Editor’s Note: This Issues in Governance Studies paper is based on the forthcoming book, White Backlash: Immigration, Race and American Politics (Princeton University Press) by Marisa Abrajano (with Zoltan Hajnal)
Changing racial demographics in the United States have made Latinos the largest racial minority in the country and made a kitchen table issue out of immigration for many Americans. Marisa Abrajano analyzes potential reactions to these changing racial demographics within the United States, suggesting that as white Americans start to lose hold of their majority status, the issue of immigration and its impacts will appear more frequently as a priority in American policymaking.
Abrajano predicts white Americans will shift either to the right, curtailing immigration reform measures and disinvesting in immigrant and low-income financial assistance, or to the left, favoring the support of immigrant and Latino residents and embracing their assimilation into American culture.
Abrajano finds in her study that several different factors influence the way white Americans respond to immigration reform:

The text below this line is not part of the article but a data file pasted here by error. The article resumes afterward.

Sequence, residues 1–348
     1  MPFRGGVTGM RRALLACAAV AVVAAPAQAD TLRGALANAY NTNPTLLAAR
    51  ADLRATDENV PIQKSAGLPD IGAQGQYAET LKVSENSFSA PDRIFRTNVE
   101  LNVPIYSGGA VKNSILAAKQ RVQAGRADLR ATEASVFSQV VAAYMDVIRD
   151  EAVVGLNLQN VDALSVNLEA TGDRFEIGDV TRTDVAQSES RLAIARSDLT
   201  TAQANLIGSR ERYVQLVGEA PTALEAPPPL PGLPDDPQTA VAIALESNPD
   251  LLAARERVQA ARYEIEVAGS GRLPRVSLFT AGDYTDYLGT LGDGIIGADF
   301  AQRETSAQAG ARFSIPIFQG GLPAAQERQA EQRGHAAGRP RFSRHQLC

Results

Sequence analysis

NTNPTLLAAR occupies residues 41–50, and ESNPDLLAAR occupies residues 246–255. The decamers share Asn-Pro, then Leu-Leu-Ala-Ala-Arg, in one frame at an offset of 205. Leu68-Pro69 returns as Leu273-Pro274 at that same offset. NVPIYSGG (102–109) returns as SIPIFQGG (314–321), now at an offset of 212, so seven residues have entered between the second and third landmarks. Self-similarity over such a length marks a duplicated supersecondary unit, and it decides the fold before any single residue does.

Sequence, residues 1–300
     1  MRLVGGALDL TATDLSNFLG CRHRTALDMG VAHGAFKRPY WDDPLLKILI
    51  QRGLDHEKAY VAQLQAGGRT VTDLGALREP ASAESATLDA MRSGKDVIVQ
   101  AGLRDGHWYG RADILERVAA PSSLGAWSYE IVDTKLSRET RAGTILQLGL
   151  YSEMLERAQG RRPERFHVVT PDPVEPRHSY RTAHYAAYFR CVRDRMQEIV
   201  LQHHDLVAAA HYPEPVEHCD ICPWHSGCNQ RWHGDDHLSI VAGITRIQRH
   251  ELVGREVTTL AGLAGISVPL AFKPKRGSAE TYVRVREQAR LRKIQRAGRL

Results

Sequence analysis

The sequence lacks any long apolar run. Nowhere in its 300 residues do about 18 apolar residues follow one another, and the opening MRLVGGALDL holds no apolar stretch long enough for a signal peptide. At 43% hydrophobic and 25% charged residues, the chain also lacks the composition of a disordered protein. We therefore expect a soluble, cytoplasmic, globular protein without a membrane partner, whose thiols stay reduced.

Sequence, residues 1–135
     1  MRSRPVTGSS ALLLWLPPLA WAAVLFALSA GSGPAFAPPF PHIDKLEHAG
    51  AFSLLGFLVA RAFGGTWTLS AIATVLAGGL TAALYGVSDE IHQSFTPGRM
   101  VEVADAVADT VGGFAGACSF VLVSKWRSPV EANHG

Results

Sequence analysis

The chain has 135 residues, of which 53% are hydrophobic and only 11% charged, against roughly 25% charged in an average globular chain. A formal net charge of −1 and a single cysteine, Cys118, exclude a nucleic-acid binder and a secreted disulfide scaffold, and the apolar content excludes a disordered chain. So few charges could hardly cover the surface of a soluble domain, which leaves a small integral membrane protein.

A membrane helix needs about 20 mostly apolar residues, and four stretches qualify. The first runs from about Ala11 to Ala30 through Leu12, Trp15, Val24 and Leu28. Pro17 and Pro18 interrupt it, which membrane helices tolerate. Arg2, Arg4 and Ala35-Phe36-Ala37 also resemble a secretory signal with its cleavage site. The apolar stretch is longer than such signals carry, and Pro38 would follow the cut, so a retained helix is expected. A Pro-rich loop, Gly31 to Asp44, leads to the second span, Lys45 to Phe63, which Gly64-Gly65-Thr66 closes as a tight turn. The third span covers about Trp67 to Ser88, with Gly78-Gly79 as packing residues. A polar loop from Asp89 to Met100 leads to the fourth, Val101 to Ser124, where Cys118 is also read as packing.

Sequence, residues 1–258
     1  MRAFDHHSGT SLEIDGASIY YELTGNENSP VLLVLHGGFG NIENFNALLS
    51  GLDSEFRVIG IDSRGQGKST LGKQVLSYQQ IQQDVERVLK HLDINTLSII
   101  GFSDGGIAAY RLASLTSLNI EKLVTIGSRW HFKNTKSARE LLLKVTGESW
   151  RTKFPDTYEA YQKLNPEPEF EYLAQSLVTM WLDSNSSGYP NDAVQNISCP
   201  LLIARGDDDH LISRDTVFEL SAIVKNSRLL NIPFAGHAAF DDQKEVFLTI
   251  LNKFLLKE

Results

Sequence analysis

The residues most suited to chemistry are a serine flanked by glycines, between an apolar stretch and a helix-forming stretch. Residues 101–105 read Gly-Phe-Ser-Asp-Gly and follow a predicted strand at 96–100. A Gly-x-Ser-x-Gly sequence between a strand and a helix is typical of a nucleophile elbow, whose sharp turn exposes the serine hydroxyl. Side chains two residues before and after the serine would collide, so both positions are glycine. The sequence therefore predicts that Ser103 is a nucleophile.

- When media sources use the “threat narrative” to describe immigration, white Americans tend to identify less with the Democratic party.
- Neighborhoods that have been “encroached” by immigrants in any way become less likely to endorse public spending to disadvantaged sectors of the population.
- In states where immigrants could benefit from government spending, white Americans have voted to reduce educational, welfare and healthcare funding.
Despite claims that racial tensions have decreased, political stances are strongly impacted by one’s relation to immigrants, Abrajano argues. While the issue of immigration reform remains in the spotlight, political ideologies will become even more polarized and the political future for Latino Americans will be fraught with obstacles.